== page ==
The Lost Language of Plants
The Ecological Importance of Plant Medicines to Life on Earth
The Nautilus Award 2003
Honoring Distinguished Literary Contribution to Conscious Living and Positive Social Change
2003 ForeWord Book of the Year Award: Silver Winner, Environment
This could be the most important book you will read this year. Around the office at Chelsea Green it is referred to as the "pharmaceutical Silent Spring." Well-known author, teacher, lecturer, and herbalist Stephen Harrod Buhner has produced a book that is certain to generate controversy. It consists of three parts:
- A critique of technological medicine, and especially the dangers to the environment posed by pharmaceuticals and other synthetic substances that people use in connection with health care and personal body care.
- A new look at Gaia Theory, including an explanation that plants are the original chemistries of Gaia and those phytochemistries are the fundamental communications network for the Earth's ecosystems.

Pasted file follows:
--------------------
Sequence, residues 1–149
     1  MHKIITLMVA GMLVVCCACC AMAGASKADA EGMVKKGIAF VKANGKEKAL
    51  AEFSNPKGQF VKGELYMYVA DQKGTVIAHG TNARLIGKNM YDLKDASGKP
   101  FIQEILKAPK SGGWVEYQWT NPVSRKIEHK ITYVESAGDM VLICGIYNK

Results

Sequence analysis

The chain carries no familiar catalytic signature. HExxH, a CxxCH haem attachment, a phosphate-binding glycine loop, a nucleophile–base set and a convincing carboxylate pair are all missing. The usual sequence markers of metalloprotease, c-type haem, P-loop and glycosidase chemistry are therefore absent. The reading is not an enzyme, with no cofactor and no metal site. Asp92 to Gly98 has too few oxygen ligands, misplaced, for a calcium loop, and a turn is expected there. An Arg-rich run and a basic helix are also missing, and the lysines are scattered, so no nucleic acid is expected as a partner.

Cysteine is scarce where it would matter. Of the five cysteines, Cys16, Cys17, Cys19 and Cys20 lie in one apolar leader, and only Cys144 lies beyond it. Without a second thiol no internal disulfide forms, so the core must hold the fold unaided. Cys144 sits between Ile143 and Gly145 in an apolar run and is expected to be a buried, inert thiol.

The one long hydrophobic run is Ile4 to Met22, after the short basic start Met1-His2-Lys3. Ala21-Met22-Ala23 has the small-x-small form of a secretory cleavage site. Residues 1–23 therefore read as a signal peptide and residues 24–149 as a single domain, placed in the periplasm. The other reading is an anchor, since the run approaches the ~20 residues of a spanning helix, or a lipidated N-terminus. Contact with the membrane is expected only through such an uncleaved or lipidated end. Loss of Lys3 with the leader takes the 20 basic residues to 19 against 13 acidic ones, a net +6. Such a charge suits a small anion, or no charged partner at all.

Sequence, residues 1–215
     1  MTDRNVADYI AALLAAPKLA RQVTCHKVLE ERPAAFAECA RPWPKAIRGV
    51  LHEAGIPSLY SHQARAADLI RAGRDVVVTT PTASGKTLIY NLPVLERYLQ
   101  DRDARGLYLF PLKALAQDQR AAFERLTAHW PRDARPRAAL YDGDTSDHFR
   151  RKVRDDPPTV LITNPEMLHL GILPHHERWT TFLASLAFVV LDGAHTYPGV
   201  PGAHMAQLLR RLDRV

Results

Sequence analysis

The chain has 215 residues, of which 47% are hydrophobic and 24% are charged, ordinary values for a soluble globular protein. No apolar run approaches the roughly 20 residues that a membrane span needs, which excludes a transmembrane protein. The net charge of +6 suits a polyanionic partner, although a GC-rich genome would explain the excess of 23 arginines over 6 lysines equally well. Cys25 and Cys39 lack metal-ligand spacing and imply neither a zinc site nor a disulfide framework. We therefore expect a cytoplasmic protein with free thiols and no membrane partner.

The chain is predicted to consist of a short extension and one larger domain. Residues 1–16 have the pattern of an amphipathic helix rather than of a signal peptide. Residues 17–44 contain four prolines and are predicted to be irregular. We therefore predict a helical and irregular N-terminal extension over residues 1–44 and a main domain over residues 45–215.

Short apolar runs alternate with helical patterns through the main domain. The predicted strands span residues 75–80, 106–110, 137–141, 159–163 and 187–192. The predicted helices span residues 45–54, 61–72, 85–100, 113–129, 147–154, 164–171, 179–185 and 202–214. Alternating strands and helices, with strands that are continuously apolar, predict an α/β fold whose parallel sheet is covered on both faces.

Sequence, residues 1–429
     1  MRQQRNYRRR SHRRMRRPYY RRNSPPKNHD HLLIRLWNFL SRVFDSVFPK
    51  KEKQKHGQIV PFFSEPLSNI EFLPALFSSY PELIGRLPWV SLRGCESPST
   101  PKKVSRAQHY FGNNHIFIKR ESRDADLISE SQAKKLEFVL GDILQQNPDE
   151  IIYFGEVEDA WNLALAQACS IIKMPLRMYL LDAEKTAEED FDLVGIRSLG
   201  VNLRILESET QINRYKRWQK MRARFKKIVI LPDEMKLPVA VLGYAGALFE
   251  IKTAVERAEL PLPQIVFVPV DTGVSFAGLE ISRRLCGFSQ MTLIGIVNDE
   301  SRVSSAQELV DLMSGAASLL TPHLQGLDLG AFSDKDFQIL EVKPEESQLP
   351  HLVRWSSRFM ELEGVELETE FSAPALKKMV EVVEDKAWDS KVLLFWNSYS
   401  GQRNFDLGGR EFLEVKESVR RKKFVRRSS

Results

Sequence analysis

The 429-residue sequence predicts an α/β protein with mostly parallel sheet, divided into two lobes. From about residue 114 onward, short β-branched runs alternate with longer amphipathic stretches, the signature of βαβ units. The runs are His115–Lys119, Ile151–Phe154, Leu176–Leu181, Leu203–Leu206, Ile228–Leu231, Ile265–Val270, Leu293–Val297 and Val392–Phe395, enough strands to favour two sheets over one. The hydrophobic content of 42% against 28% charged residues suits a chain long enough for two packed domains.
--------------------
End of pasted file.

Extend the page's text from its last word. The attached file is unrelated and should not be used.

- Extensive documentation of how plants communicate their healing qualities to humans and other animals. Western culture has obliterated most people's capacity to perceive these messages, but this book also contains valuable information on how we can restore our faculties of perception.
The book will affect readers on rational and emotional planes. It is grounded in both a New Age spiritual sensibility and hard science. While some of the author's claims may strike traditional thinkers as outlandish, Buhner presents his arguments with such authority and documentation that the scientific underpinnings, however unconventional, are completely credible.
The overall impact is a powerful, eye-opening expos' of the threat that our allopathic Western medical system, in combination with our unquestioning faith in science and technology, poses to the primary life-support systems of the planet. At a time when we are preoccupied with the terrorist attacks and the possibility of biological warfare, perhaps it is time to listen to the planet. This book is essential reading for anyone concerned about the state of the environment, the state of health care, and our cultural sanity.